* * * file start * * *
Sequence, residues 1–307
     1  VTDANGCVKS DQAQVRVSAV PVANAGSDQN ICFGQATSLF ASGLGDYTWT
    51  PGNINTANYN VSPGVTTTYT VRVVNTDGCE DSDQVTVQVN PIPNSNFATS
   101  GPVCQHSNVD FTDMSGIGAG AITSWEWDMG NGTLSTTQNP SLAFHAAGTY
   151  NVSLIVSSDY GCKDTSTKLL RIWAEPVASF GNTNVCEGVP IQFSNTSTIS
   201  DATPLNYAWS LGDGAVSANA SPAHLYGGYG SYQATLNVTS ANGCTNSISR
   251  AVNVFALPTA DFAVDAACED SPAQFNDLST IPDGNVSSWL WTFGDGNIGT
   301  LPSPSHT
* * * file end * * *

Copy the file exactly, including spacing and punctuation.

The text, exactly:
Sequence, residues 1–307
     1  VTDANGCVKS DQAQVRVSAV PVANAGSDQN ICFGQATSLF ASGLGDYTWT
    51  PGNINTANYN VSPGVTTTYT VRVVNTDGCE DSDQVTVQVN PIPNSNFATS
   101  GPVCQHSNVD FTDMSGIGAG AITSWEWDMG NGTLSTTQNP SLAFHAAGTY
   151  NVSLIVSSDY GCKDTSTKLL RIWAEPVASF GNTNVCEGVP IQFSNTSTIS
   201  DATPLNYAWS LGDGAVSANA SPAHLYGGYG SYQATLNVTS ANGCTNSISR
   251  AVNVFALPTA DFAVDAACED SPAQFNDLST IPDGNVSSWL WTFGDGNIGT
   301  LPSPSHT